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Donnie Sloan is one of the behind-the-scenes members of Empire of the Sun involved with the production and songwriting. Sloan also plays live bass for the recordings—although you will not find him on stage as he’s a studio rat. Here he explains the way to get the best live bass sound for a produced setting.
It starts with having a great bass. There’s no bit of outboard gear, nothing special you can do to make it sound good if the bass isn’t good to start with. I’ve got a couple of old basses that I use with Empire of the Sun. We plug the bass in with a high-end DI through the desk and then into the computer so it’s pretty simple. I’ve got a 1972 Fender Precision bass and that has jazz pick-ups put on it so it’s slightly different. While we were making Walking On A Dream, I found a late ’70s BC Rich Eagle bass that most people look at me really strange when I mention. But that bass was used by some of my favorite players, the main one being Bernard Edwards from Chic. I managed to find one in a vintage music store in Los Angeles for quite cheap.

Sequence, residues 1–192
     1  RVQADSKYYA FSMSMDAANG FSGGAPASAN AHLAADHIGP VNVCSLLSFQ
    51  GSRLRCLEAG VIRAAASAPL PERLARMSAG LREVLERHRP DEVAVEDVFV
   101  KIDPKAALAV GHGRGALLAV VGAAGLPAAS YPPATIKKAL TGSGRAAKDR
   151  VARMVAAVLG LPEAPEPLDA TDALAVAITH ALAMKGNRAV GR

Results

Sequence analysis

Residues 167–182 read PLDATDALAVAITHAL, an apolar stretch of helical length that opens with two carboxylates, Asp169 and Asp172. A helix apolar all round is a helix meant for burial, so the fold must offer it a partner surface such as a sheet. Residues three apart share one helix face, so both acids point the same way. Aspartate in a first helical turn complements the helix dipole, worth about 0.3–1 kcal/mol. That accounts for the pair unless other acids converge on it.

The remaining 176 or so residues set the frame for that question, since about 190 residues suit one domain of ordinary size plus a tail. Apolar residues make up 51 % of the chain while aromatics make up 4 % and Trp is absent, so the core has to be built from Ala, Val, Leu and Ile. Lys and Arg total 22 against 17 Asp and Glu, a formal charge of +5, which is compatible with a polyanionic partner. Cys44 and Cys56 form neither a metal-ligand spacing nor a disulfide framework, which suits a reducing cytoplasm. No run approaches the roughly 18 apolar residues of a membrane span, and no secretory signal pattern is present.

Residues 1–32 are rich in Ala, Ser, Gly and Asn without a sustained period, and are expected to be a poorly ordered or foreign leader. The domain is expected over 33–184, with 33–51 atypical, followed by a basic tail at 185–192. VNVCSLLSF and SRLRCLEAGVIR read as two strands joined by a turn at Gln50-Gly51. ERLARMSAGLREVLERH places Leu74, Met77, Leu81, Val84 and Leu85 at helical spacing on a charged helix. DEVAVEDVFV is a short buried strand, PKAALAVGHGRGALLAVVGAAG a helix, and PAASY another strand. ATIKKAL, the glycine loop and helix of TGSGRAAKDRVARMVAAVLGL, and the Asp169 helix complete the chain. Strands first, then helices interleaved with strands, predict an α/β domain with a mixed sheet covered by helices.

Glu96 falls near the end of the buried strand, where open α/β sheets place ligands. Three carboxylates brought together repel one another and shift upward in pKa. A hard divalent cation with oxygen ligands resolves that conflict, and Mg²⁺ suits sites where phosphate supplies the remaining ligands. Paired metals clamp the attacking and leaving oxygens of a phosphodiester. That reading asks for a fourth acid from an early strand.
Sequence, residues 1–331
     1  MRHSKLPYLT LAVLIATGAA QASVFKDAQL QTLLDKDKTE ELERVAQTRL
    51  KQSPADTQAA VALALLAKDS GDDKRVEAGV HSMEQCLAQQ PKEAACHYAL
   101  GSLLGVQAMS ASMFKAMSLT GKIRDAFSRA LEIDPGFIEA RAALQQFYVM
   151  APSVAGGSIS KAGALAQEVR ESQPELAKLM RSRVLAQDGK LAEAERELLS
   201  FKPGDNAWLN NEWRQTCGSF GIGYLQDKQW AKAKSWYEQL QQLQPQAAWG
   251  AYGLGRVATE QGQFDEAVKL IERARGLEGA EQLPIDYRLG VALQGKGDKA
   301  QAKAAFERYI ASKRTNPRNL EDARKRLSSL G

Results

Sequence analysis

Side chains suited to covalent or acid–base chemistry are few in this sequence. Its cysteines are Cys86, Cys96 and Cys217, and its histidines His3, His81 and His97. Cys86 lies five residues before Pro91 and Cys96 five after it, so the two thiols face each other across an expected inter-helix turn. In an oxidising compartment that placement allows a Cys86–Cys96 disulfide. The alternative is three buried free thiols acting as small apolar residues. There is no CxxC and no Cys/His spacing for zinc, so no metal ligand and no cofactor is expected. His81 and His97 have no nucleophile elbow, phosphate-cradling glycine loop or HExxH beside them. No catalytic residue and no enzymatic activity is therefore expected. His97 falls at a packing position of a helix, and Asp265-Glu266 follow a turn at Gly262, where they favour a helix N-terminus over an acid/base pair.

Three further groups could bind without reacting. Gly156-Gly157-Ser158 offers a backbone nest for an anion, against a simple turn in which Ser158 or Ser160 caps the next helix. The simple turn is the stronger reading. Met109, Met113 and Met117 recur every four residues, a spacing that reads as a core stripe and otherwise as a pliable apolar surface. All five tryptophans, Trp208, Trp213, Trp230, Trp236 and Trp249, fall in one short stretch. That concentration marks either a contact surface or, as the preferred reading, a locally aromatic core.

When it’s a synth bass, you just make sure to have really good synths to start with and just record that the same way, through the DI, into the desk, and then into the computer.
For Empire of the Sun, there are a few that are synth bass and a few that are live bass. There was a lot more live bass on Walking On A Dream, specifically “Walking On A Dream,” “Miles and Miles,” “We Are The People.” On Ice On The Dune, a lot of it is synth bass with a bit of live bass here and there.